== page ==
What is an Arm Lift?
An Arm Lift (Brachioplasty) is a surgical procedure that removes loose and sagging skin on the underside of the arms. The extent of skin removal can be limited to the upper arm or can stretch from the forearm to the armpit and onto the chest wall depending on how much extra skin is present. If there is excess fat present, it will also need to be removed in order to assist with contouring the arm well.
Who is a Good Candidate for an Arm Lift?
Patients who are good candidates for Arm Lifts/Brachioplasties typically are healthy and have minimal to no medical problems. At minimum, they should maintain a stable, relatively low weight, but ideally, they should diet and exercise to get to their lowest possible weight. They should not smoke in order to minimize the risk of wound healing problems after surgery. They must have realistic expectations as the results are often limited by the anatomy and the amount of residual fat left on the arms.
Often, patients who require Arm Lifts are those that have had bariatric (weight loss) surgery, and now have deflated skin after the fat has gone away. These patients should wait until they have reached their lowest weight after their gastric sleeve/gastric bypass surgery before getting a brachioplasty in order to get the best results. They should also continue any bariatric medications and vitamins they were prescribed after surgery.
How Do I Prepare for an Arm Lift?
Typically, to get ready for your Arm Lift, you will need to get medical clearance from your doctor. Labs will often be required, including a complete blood count (CBC), basic metabolic panel (BMP), blood clotting tests, and an EKG.
We may ask you to cleanse your body with an antiseptic wash for several days prior to surgery. Any jewelry on the arm or chest region should be removed. You should also quit smoking 6 weeks prior to surgery until 6 weeks after surgery to minimize complications. (Better yet, quit for good!)
Ideally, you should diet and exercise to reach your lowest attainable weight and maintain it. You’ll have a good idea if you can maintain it long term if you can keep it stable for a minimum of 3 months. The best results are obtained in those patients with the lowest body fat percentage. However, good results can still be achieved in patients with a moderate amount of arm fat. Dr. Nguyen will evaluate you and make recommendations as to the best result that can be achieved for your anatomy.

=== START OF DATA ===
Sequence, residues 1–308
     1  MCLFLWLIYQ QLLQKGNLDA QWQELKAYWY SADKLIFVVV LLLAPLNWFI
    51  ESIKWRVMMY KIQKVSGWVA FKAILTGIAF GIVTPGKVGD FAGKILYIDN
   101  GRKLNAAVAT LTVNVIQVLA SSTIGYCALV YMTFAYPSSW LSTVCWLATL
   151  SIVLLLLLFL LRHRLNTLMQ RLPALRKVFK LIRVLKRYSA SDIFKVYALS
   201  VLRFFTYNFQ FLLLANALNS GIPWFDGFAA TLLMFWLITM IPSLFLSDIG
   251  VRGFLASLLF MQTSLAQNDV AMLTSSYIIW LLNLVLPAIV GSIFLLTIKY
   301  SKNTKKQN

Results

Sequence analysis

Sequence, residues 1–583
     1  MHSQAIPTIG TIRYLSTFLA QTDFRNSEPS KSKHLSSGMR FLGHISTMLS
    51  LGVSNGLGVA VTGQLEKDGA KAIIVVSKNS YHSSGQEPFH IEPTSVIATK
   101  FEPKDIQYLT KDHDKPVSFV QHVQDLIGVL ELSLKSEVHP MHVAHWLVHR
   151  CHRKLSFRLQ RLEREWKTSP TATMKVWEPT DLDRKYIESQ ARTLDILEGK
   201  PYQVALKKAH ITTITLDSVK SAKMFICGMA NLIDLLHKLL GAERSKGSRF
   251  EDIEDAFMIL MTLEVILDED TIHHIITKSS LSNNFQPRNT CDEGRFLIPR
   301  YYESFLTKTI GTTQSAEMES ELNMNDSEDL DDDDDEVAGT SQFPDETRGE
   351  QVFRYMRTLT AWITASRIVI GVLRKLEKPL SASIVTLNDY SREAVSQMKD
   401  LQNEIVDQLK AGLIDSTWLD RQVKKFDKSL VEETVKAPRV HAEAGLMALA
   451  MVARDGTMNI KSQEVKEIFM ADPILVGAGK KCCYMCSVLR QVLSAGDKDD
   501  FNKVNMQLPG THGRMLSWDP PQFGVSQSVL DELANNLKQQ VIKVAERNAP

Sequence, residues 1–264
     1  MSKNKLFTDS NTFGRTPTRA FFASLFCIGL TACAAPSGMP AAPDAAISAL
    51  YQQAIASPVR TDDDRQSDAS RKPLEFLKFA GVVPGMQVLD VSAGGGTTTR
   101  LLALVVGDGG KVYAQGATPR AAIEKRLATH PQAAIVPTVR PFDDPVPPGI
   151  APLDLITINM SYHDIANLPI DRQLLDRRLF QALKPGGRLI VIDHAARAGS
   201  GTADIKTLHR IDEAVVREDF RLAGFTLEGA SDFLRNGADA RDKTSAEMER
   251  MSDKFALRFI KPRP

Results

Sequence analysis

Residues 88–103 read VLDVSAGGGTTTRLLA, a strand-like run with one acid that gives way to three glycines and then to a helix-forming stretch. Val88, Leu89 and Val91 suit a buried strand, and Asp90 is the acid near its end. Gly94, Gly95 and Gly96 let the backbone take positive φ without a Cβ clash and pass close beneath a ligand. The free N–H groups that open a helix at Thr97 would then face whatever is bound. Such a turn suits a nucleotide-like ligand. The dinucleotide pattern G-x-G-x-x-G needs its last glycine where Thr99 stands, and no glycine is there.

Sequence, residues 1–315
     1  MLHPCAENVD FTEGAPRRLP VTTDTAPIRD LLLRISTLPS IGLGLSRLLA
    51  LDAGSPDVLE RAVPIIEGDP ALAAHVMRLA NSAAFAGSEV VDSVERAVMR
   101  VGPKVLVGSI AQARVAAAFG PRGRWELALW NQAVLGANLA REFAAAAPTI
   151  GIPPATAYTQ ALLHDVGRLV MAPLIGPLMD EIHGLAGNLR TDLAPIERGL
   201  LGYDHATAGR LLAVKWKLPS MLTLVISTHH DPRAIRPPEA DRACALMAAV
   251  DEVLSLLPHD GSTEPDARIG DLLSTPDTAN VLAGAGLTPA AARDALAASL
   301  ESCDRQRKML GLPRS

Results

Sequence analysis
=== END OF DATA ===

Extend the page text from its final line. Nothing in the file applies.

What is Involved in an Arm Lift?
In a full Arm Lift, an incision is made on the inside (medial) and posterior arm from the elbow (or just below it) up to the armpit. Occasionally, the incision can be extended onto the lateral chest wall to remove excess skin there if present. Direct excision or liposuction may be used to help remove any excess fat in the area and contour the arm. The excess skin is then removed, and the skin edges are sewn together with absorbable sutures.
You may have drains placed that come out along the lower arms. These will help prevent any fluid from building up in your arms after surgery. You will be placed in a garment after surgery to protect your incisions and to help reduce swelling.
A mini-Arm Lift may be performed for patients who only have a small amount of excess skin and fat in the upper arm. Much smaller incisions are used and may be limited to the axilla/armpit area only.
Dr. Nguyen will take the time to discuss the length of incisions and the amount of fat removal that will be right for you.
What is the Recovery from an Arm Lift?
Patients usually go home the same day after an Arm Lift. You are asked to sleep with your arms elevated on 2-3 pillows for 1-2 weeks to help with swelling. Drains are usually removed within 1-2 weeks after the procedure once drainage has decreased.
The arms are wrapped with ACE wraps from the hands all the way up to the shoulders to reduce swelling, to prevent edema in the hands and forearms, and to take tension off of the incisions. Patients will need to replace these daily and often ask family members to help.
Patients may complain of soreness for 1-2 weeks. Swelling and bruising are typically present for 2-3 weeks. Full healing should occur by 6 weeks after surgery. Heavy duty lifting and work should be avoided for 6 weeks. Most patients can return to light duty work within 2 weeks.
To access full postoperative instructions, please click here.
What are the Risks of an Arm Lift?
Risks from a Brachioplasty include bleeding and infection. Infection is very rare; patients are given an antibiotic after surgery to help prevent them. Rare complications can also include nerve damage, which may cause temporary (or rarely permanent) numbness in the forearm. It is important not to smoke or be around smokers before surgery or during the healing process as it may increase the risk of skin necrosis (death), yielding a poor overall result. Risks can be minimized by adhering very closely to the prescribed postoperative instructions as given by your surgeon.
What Can I Expect from an Arm Lift?
Arm Lifts can be remarkably transformative procedures. Generally, they will immediately improve your sagging arm skin and decrease the amount of fat present. Some swelling will be present after surgery and improves over 2-3 weeks.
The scars are significant, often extending from the elbow to the axilla. However, they generally fade and improve with time. Patients must be diligent about wearing their garments and keeping their arms wrapped in order to minimize any hypertrophic or widened scars. Silicone gel or compresses may improve results.
Always be sure to consult with a Board Eligible or a Board Certified Plastic Surgeon to determine if getting an Arm Lift surgery is right for you! Dr. David Nguyen specializes in post-bariatric (massive weight loss) patients and would be happy to see you in consultation to walk you through the process and discuss your results. Call 657-900-5055 for a free consultation today!